August 3, 2021

Oasis Division is the reason we are “at the height of the greats”

Noel Gallagher He argued that the breakup of Oasis was not a decision he made “lightly”, but that leaving everything helped consolidate his legacy as one of the best british bands of all time.

During the Sky Arts program Noel Gallagher: Out Of The Now, the Oasis composer said audiences had grown bored with the band in the months leading up to its disbandment.

“It’s not a decision I made lightly,” he said of his decision to leave. “And I had written all the meaningful songs that Oasis had ever recorded. And it was my life, I directed it, and creatively it was my thing. With the benefit of hindsight it was the best for me and the band.”

“Because the band now, Oasis in 2009, was not lauded as one of the greats of all time. There was a kind of undertone of, ‘well, they really should end it.’ That’s what I felt anyway,” he noted. .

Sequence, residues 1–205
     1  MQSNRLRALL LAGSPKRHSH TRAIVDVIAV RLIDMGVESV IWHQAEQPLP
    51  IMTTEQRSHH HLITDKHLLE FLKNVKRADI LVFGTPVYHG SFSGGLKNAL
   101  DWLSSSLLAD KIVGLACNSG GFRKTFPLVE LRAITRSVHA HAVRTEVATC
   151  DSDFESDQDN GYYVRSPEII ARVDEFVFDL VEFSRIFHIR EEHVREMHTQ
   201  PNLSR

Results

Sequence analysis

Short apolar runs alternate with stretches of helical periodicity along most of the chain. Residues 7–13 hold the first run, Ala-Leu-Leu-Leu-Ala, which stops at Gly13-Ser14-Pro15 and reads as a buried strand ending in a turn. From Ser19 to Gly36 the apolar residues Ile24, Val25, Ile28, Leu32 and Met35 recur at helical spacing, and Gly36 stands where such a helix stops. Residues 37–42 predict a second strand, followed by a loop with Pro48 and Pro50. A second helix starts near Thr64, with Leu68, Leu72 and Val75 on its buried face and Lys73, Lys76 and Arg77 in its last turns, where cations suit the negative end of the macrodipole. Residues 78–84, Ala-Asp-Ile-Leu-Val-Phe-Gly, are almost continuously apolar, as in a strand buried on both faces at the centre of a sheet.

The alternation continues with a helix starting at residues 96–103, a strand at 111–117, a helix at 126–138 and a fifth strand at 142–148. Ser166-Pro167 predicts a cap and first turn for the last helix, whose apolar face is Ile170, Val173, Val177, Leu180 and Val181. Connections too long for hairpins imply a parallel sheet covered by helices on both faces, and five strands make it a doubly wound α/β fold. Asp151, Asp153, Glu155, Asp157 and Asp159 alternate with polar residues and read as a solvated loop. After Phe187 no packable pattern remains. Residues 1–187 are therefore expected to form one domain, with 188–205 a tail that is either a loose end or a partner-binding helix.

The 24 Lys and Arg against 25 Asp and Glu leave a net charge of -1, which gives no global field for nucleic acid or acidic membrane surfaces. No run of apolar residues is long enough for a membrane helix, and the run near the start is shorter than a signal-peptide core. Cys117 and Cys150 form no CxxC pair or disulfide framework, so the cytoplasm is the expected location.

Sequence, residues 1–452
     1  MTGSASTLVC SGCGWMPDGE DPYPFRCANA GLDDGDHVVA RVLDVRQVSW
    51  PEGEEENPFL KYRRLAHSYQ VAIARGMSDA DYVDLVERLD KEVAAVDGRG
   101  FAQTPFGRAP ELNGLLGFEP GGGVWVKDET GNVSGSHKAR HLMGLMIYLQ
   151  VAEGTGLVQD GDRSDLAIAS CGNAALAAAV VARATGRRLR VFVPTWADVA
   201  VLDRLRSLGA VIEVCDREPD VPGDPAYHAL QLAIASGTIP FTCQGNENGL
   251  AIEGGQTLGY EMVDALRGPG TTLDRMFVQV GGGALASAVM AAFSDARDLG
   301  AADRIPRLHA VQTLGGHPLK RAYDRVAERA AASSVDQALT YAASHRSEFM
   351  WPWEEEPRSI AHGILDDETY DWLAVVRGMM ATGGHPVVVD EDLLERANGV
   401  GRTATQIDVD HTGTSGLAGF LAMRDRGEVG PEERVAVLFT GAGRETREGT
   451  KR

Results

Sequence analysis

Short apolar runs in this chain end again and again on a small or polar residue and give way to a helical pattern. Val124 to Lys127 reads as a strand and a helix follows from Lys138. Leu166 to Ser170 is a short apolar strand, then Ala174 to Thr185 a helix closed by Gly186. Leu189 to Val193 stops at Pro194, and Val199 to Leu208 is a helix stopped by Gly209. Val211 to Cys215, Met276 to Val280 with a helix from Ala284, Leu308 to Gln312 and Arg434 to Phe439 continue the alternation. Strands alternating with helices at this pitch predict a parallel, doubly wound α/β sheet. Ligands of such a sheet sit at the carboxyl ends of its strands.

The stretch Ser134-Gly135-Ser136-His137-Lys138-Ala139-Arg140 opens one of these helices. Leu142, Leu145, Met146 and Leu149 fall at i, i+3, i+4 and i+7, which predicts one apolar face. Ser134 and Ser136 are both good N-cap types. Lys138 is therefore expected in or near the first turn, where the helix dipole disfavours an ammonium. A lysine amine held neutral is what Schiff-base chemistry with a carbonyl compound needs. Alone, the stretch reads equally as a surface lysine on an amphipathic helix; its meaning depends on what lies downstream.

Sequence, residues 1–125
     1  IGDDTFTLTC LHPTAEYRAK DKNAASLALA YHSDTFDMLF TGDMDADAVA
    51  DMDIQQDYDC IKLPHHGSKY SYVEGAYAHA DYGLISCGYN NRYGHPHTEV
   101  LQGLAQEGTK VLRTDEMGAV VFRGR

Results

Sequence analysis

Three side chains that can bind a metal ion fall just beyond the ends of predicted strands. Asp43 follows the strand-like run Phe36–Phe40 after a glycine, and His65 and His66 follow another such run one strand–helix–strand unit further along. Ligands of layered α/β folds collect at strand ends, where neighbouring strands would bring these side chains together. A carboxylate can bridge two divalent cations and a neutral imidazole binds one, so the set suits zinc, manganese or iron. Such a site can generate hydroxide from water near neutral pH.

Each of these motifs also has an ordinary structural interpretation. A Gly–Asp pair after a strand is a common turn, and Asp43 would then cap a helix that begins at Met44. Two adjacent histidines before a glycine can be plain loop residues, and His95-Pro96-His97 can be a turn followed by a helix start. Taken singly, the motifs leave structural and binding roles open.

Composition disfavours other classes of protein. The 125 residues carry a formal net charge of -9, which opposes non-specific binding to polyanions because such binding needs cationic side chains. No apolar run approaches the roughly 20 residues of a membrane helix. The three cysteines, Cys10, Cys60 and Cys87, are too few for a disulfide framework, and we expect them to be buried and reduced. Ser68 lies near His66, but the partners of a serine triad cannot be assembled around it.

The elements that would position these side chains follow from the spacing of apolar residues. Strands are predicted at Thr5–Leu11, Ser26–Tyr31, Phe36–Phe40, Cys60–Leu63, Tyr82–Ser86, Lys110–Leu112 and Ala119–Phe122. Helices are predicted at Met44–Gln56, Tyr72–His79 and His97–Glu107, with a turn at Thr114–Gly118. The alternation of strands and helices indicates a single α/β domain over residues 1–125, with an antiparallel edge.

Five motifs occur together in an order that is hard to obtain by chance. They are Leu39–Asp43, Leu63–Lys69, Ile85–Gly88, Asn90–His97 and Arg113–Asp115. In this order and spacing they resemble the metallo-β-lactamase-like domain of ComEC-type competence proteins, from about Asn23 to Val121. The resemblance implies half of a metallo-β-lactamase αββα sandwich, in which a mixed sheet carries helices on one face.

“And I felt like people had stopped listening to the records and came to see us pull off the hits and it’s a position I never wanted the band to be in. But now, of course, we are considered to be at the height of all the greats.” said the Oasis leader.

The Oasis documentary

The group disbanded in 2009, and Gallagher He resigned after a confrontation with his younger brother Liam at the Rock en Seine festival near Paris.

Fans have long been asking for a reunion of Oasis, Y Liam He has openly said that he would be willing to do so. But Noel has made it clear that it’s not something he wants, although he recently joked that he would do it for £ 100 million.

In May, it was revealed that both Noel and Liam will be executive producers of a documentary on Oasis’ most famous performances: Two Nights at Knebworth, which was attended by 250,000 fans in August 1996 and came a year after the release of their second. album, What’s The Story (Morning Glory).

The film is intended to be “a crucial document of the moment that defined an era and a cultural revolution,” which was part of a pivotal moment in British culture, amid the rise of New Labor, Euro ’96 and the Britpop phenomenon.